While Trying To Find Information About Google Panda-Penguin, Somewhere I Fear That Due To This Updates My Favorite Subject SEO IS DEAD, Or There Is No More Importance For Our Keywords In SEO.
But Its Not So. Thanks For Google...
Google’s saying there’s nothing new or different SEOs or publishers need to worry about. Guidance remains the same, it says: have original, high-quality content. Signals that have been important in the past remain important; Hummingbird just allows Google to process them in new and hopefully better ways.
The change aimed to lower the rank of "low-quality sites" or "thin sites", and return higher-quality sites near the top of the search results
Currently, we type our question into the search engine and the algorithm chooses words from it, often sending us by bringing up links that have those specific words in them rather than finding links that relate to the context of the overall query.
The name of Google’s new search algorithm is called “Hummingbird”. Derived from being “precise and fast”, it’s been the biggest change in Google’s search algorithm since the Caffeine update in 2010.
the Hummingbird will take a search engine query using long-tailed keywords and try to decipher (decode, interpret, translate, work out) the context of the question rather than chase the specific keywords within the question.
For example, you could ask, “What’s the nearest Mobile Store from my home?” The traditional search engine will most probably focus on finding matches for your keywords like “Mobile” or “Store”, and then lead you to a website owned by a shops that sells mobile but may not be necessarily close to your home.
Hummingbird makes Google almost human with the way it responds to queries. Instead of looking at keywords, Hummingbird makes Google look deeper and focus on the whole statement or question.
In relation to the example above, the new update helps the search engine understand that you’re looking for a physical store near your area of residence that sells mobiles, provided that you use the Google domain based in your country.
In a nutshell, Google responds to whole statements and questions in a way similar to how a human being would by looking at the query as a whole, and not segmenting its keywords. This then makes the results to match the query better since it looks for concepts, not words.
The Hummingbird algorithm responds to end users by means of processing the whole statements or questions, and then looks for websites or webpages that has the most relevant concept to the query.
But how does Hummingbird do this exactly?
Hummingbird applies a statistical language approach in a way that it rewrites search queries to make it simpler. This can be done by browsing the large database of synonyms or other related terms that might be substituted in place of one or more terms in the query.
If a query indicates, “Where is the best place to buy burgers?”, Google will most likely try to find a substitute for the terms “best”, “place”, “buy”, and “burgers”. The words “where”, “is”, “the”, and “to” would require no substitutes since they hold no great significance – these words are called “skip words”.
The synonyms that are stored in the database were created through observation of what end users search for in their queries. If an end user, for example, submitted two consecutive queries, the words he sent will give the hint that the words are related to the ones sent in the previous one.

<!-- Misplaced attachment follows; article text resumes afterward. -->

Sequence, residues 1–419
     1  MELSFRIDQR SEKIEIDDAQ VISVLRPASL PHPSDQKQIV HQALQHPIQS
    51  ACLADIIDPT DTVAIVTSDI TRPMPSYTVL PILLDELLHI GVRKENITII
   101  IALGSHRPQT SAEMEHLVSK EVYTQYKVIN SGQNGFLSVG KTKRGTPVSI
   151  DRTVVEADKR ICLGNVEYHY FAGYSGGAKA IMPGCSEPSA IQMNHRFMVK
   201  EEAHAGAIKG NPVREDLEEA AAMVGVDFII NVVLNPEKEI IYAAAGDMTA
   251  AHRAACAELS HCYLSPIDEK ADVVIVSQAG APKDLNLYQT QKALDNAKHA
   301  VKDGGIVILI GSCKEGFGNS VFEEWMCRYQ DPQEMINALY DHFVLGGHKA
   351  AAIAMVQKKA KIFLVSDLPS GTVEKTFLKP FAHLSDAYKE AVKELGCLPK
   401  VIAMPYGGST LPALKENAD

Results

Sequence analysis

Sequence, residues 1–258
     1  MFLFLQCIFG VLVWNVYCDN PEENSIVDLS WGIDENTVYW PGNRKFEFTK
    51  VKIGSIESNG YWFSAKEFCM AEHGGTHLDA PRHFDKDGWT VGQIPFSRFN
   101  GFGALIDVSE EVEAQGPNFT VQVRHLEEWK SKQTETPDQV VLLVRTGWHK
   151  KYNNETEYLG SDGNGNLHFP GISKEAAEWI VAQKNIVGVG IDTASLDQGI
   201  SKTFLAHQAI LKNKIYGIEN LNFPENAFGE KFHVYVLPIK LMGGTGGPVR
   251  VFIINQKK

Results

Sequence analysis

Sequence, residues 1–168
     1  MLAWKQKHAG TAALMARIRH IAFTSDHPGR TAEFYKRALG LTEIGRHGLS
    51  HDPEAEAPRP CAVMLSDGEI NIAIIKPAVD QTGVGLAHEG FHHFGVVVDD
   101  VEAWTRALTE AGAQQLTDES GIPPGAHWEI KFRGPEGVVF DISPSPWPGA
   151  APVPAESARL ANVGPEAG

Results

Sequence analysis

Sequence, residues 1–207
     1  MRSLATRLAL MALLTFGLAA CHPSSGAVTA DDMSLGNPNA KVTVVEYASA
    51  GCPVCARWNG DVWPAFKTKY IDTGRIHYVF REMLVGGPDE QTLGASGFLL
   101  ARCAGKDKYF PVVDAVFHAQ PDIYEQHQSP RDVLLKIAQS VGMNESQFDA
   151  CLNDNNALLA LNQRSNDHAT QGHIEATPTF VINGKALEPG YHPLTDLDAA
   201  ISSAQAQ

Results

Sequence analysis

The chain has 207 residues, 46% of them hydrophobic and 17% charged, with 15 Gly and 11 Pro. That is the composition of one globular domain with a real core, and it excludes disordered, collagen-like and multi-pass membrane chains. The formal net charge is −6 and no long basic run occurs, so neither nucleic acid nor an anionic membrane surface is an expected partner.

To illustrate, when an end user searches for “Indian idol” and then “Indian star”, Google will understand that the word “idol” and “star” are of the same context.
It was mentioned above that there are some words that Google doesn’t bother finding synonyms of. That’s because keeping synonyms of words takes up a lot of space in their database. Moreover, relevant search results can still be produced without the use of some words. Queries like “The mp3 player” and “mp3 player” would most likely have the same results. Processing the latter would be less time consuming because Google only has to find alternatives for the terms “mp3” and “player”.
Does this mean SEO is dead?
No, SEO is not yet again dead. In fact, Google’s saying there’s nothing new or different SEOs or publishers need to worry about. Guidance remains the same, it says: have original, high-quality content. Signals that have been important in the past remain important; Hummingbird just allows Google to process them in new and hopefully better ways.
The primary stated reason for this update is for Google to provide more relevant search results.
Because Hummingbird rewards relevant content (and links), it will enhance both the searching and reading experience.
Past techniques such as keyword density checkers and link builders were frustrating to searchers, readers, and web content writers. Keyword density checkers forced writers to make content that often times felt forced and awkward. Link builders produced ads that interrupted our reading by blocking content or producing audio to ensure we noticed them.
Now, with Hummingbird, not only will SEO reward more relevant content, it will also make SEO more natural and less forced.
Long ago, Google punished keyword stuffing and encouraged more content per page. Although this probably won’t change, Hummingbird will demand keywords to be better integrated into the content.
Friends This Updates like Google Panda, Penguin and Hummingbird are great tool to improve our SEO.